“What is the optimal team size?”
His answer was 12. Why?
“Because we don’t have bigger tables.”
A witty and pragmatic answer, perhaps, but this makes assumptions about office design and team effectiveness.
Using Sociometry badges, for example, Humanyze assessed whether a redesigned office boosted employee collaboration, or employees were actually using that treadmill in the gym they had lobbied so hard for. When we have choices on the design and layout of our offices, we can actually use employee movement data, in addition to other communication data, to analyse collaboration patterns of employees. In Office Design, there are many questions where this kind of approach can help. Do campuses actually yield better interaction patterns than offices with thousands of people on different floors? When is open seating better than having your own desk? Should we put long or short tables in our offices? The use of physical space is underused as a tool for changing patterns of collaboration and behaviour.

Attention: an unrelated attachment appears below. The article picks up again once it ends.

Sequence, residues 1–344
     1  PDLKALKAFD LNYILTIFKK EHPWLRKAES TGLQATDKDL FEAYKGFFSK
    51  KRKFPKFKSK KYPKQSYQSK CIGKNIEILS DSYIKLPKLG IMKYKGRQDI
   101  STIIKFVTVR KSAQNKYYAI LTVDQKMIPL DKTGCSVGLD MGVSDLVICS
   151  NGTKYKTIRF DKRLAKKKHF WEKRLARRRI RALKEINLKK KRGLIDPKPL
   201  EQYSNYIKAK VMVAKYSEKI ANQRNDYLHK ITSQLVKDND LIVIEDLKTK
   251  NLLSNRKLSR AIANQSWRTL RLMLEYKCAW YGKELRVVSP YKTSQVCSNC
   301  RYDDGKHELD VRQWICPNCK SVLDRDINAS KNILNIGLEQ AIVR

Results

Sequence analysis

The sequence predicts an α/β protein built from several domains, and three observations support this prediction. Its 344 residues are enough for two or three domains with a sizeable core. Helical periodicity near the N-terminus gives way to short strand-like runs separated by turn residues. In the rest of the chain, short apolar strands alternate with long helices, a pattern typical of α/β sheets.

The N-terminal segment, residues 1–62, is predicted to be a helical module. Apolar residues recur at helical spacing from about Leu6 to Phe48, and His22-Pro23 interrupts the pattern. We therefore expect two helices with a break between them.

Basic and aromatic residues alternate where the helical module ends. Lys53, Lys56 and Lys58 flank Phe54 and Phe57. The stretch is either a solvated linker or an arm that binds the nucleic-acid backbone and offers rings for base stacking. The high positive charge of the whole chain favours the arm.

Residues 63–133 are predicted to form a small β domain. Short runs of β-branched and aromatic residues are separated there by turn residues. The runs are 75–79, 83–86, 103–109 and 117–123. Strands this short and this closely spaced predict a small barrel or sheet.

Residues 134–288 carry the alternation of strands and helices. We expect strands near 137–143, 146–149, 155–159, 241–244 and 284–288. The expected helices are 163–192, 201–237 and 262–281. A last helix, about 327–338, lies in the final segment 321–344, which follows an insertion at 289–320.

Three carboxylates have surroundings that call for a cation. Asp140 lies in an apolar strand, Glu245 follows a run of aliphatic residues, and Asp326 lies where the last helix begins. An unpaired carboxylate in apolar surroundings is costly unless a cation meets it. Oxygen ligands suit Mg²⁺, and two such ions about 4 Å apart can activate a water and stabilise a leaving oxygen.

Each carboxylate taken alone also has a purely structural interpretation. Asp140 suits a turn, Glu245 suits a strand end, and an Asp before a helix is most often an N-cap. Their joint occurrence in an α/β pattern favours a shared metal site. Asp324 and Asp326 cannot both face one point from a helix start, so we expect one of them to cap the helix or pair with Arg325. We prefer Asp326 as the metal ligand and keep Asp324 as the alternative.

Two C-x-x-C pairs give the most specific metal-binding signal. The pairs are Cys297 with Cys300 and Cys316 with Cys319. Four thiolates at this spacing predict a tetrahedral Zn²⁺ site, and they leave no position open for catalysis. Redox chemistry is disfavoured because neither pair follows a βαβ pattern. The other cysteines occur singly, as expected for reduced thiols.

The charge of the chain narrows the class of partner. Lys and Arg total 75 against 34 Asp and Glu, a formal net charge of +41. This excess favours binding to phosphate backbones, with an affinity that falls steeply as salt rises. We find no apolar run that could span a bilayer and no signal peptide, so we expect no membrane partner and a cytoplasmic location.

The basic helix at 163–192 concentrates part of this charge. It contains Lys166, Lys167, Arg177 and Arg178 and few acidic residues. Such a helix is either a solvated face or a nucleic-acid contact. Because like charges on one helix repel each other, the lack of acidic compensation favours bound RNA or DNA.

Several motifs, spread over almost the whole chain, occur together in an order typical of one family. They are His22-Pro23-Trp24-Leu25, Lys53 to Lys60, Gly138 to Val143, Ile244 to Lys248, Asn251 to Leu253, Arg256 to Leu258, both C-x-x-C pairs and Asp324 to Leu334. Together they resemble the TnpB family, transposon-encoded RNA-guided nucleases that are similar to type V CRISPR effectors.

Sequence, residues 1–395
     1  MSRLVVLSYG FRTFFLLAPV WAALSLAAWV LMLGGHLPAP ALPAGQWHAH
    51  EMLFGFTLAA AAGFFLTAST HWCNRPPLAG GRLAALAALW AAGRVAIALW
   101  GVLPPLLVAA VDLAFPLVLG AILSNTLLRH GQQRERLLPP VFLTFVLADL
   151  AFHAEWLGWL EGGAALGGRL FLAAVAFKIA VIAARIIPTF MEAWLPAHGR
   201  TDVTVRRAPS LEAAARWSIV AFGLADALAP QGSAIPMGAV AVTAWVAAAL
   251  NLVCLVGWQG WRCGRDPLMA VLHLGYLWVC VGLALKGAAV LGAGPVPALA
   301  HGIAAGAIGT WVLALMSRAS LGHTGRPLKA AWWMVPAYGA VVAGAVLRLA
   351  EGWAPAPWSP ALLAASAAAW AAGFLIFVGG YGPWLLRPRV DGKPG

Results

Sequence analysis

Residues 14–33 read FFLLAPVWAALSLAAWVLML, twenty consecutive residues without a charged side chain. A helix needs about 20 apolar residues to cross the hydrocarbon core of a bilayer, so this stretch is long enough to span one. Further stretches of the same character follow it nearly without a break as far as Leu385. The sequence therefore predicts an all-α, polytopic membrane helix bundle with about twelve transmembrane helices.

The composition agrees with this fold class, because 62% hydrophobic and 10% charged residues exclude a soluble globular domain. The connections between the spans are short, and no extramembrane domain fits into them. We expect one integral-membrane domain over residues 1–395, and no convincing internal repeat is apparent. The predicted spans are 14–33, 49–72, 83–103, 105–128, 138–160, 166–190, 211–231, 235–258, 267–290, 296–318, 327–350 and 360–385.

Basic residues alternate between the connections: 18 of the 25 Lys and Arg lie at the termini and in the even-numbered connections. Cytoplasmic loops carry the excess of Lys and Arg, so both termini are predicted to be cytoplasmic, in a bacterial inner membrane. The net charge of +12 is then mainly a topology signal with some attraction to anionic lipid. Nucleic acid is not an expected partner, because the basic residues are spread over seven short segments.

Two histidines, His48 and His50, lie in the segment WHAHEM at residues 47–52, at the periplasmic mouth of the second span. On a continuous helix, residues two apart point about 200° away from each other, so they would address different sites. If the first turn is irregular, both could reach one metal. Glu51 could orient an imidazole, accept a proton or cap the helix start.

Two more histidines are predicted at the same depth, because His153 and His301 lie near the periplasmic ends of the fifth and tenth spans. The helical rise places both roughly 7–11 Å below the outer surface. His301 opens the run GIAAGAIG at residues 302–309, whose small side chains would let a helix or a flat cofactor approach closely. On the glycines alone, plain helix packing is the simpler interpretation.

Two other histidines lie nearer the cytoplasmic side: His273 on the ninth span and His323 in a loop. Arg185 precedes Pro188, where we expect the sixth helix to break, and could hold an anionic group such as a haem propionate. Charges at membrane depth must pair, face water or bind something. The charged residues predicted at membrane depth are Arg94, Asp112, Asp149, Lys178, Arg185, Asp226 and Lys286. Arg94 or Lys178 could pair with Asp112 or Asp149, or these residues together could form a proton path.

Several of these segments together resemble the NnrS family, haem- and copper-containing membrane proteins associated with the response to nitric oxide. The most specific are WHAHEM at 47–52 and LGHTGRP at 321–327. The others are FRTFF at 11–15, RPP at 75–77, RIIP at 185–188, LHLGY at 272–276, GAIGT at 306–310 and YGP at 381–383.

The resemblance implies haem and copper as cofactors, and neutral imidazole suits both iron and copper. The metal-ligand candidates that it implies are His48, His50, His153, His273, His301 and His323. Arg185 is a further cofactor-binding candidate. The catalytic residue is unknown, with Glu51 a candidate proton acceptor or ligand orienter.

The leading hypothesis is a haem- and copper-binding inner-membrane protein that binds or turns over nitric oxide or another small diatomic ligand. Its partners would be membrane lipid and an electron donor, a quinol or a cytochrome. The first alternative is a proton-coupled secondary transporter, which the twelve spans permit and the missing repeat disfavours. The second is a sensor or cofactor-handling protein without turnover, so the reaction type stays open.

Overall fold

Waber gives plenty of other examples of using the Sociometry badges in the workplace. For example, Corporate Epidemiology, when you get a dose of “man-flu” (this is a disease btw) do you tough it out, or stay at home? Employee tracking can help guide the best workplace policies and practices to reduce employee sickness.
Thanks to those ‘perennial office guinea-pigs’ working in call-centres, a study on Employee Burnout with Bank America found that strong cohesion was linked to lower stress levels.
Waber also approaches the question, How to encourage Innovation? Who is more creative, the team behind Bart Simpson or Eric Cartmen? Both very funny cartoons, but did you know an entire episode of South Park is conceived and animated in 6 days, whereas, an episode of The Simpsons is produced over the course of 6 months using a Korean animation studio? Waber outlines the very different creative processes and declares South Park the winner based on ratings — Doh! He studied three R&D teams to understand creativity in general, and found the amount of time spent interacting with team members was positively correlated with creativity.